- This mode allows the photographer to set the shutter speed and aperture independently. Program Shift is not applied in this mode. Manual mode is invaluable to photographers using studio electronic flash systems and manual hot shoe electronic flashes because it allows the user to set the correct sync speed for flash and set an f-stop determined by a flash meter reading or testing. It also allows for use in exotic photographic situations such as scientific and engineering photography beyond the parameters of the camera firmware. In the Manual shooting mode the shutter speed is set using the main dial and the aperture is set using the sub dial.

Note:
When [ Function ] is set to [ underwater wide/ underwater macro ], two additional exposure modes are available: Underwater Wide and Underwater Macro. Press the [Mode] button while turning the main dial to select these exposure modes. To use the E-3 for underwater photography, attach a commercially available underwater housing. While using either underwater exposure mode, the following functions are not available: CUSTOM RESET, PICTURE MODE and MY MODE SETUP.




Question
The E-3 has five focusing modes. Which should I use?

Answer:

  The five focusing modes are provided to offer the photographer greater flexibility in setting up the camera for diverse shooting situations. Any of the focusing modes that have an MF in their designation allow the photographer to adjust the focus by turning the focusing ring on the lens.
  • S-AF (Single AF)
    Every time the shutter button is pressed halfway, the camera focuses. This mode is suitable for taking pictures of still subjects or subjects with limited movement.

  • C-AF (Continuous AF)
    The camera continuously refocuses as long as the shutter button is held down halfway. When the subject is in motion, the camera focuses on the subject in anticipation of its movement using Predictive Autofocus technology. When shooting in the Sequential Shooting Drive mode, Continuous AF resumes after a burst of images when the shutter button is returned to the halfway position.

  • MF (Manual Focus)
    The lens is focused manually by rotating the lens focus ring. Still life and landscape photographers may prefer this focus mode as it allows more creative control. Manual Focus must be used for accurate focus when the EC-25 Extension Tube is mounted between a lens and camera body.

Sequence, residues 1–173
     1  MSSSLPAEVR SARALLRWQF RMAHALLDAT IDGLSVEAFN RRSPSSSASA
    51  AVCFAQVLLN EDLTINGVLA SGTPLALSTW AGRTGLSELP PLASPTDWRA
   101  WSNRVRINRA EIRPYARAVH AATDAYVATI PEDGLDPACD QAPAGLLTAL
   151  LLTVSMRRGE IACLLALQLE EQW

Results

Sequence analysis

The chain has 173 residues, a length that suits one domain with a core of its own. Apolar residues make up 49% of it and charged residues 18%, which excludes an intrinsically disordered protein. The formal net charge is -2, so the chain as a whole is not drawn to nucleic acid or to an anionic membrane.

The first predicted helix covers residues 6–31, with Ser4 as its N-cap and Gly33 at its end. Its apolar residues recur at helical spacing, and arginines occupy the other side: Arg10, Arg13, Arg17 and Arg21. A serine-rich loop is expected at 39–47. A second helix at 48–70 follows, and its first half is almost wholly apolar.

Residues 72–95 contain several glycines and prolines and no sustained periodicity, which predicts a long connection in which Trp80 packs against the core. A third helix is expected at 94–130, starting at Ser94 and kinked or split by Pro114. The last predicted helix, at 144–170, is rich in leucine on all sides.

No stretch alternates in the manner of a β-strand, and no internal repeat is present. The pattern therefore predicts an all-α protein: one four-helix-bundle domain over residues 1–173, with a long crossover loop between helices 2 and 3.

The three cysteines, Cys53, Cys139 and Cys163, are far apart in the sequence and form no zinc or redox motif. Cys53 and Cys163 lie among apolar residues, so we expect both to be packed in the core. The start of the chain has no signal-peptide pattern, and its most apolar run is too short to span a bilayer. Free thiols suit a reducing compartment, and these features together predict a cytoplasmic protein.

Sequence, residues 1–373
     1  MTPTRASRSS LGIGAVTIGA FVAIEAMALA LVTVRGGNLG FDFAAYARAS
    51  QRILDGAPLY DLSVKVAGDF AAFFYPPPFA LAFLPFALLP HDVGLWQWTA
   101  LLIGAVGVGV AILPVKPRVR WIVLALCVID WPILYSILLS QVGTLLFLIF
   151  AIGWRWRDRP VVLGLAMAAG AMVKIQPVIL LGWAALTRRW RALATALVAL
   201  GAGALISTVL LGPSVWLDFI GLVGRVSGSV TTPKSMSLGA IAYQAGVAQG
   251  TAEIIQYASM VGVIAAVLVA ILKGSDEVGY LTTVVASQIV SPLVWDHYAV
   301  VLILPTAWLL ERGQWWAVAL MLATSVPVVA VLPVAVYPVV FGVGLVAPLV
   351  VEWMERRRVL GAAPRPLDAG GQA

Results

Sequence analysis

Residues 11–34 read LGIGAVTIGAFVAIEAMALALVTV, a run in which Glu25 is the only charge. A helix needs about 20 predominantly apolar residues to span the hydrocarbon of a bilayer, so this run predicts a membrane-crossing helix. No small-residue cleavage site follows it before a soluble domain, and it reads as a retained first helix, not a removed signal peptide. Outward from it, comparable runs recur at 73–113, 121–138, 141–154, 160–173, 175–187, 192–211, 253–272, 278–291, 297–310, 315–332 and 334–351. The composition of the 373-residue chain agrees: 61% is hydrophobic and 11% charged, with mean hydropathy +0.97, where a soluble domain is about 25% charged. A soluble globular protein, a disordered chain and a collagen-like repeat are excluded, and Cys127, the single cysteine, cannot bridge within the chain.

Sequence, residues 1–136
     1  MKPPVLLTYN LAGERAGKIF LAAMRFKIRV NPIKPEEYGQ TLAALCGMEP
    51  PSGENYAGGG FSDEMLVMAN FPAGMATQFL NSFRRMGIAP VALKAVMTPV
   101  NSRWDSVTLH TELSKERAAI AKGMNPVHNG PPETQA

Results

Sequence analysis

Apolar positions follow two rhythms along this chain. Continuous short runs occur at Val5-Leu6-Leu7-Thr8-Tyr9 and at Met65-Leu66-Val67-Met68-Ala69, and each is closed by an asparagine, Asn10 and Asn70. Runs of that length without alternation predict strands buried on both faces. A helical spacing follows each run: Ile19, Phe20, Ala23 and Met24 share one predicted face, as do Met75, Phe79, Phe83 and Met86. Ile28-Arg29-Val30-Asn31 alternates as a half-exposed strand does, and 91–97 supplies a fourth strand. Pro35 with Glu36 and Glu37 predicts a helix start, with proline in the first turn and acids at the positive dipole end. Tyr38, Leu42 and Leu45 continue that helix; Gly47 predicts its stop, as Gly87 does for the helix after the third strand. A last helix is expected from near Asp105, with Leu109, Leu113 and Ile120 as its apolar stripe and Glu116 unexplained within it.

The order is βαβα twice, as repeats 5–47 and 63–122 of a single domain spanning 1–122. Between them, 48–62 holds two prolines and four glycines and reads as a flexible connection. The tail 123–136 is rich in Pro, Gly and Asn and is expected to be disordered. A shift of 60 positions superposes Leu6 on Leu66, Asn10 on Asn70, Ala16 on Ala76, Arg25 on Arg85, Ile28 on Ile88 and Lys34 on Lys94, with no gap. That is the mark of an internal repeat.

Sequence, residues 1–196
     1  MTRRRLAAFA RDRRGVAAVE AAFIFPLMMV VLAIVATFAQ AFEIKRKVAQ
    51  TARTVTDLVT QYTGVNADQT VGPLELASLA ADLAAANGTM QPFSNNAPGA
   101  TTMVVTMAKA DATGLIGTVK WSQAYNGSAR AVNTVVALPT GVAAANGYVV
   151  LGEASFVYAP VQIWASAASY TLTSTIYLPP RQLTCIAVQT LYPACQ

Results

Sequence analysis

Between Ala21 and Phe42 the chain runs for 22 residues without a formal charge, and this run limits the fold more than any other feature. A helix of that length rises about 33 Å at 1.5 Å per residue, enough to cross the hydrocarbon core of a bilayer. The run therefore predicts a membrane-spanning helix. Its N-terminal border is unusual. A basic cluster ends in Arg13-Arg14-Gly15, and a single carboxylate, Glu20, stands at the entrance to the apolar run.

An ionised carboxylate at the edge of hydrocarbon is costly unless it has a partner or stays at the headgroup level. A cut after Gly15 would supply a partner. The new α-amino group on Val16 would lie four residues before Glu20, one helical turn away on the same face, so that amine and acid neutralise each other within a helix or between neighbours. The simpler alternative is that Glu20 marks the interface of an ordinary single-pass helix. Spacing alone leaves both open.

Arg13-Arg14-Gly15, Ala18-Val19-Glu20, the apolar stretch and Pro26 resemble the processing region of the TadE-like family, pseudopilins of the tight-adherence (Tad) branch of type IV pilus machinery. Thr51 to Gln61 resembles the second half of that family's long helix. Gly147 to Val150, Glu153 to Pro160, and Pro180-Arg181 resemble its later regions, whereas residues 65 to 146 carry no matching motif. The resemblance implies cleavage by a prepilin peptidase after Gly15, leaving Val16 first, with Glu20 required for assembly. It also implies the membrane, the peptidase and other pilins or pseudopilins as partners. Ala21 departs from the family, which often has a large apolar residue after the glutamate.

• S-AF+MF (Simultaneous use of the S-AF and Manual Focus)
    This mode allows the photographer the option of fine adjusting the focus using the lens focus ring after the shutter button has been pressed halfway and autofocus has been locked. This mode allows the photographer more creative control over the autofocus to focus on a specific area the autofocus may not have selected.

  • C-AF+MF (Simultaneous use of the C-AF and Manual Focus)
    This mode allows the photographer to manually focus before pressing the shutter button halfway to enable C-AF. It allows the photographer to pre-focus the lens closer to a focus zone to provide the autofocus with a more rapid response in situations such as sports or wildlife photography.



Question
When and why should I use the camera's Eyepiece Shutter?

Answer:

  During normal shooting, the photographer's face and the camera's eyecup work together to shade the viewfinder and prevent light from entering the camera's metering system through the viewfinder. When the camera is on a tripod or Live View is enabled, light can enter the viewfinder from behind the camera because the photographer may be standing away from the camera. This is most likely to happen if the sun is low and behind the camera or the photographer is shooting a night shot and street lighting is shining into the viewfinder. In both cases, this extraneous light can shine into the metering system and can skew the exposures, resulting in underexposed images. Closing the Eyepiece Shutter blocks extraneous light from entering the viewfinder so the exposures will be more accurate.




Question
I have a third-party electronic flash. Can I use it on the E-3?

Answer:

 

Flash units that are not part of the Four Thirds series may pose problems if used on the E-3.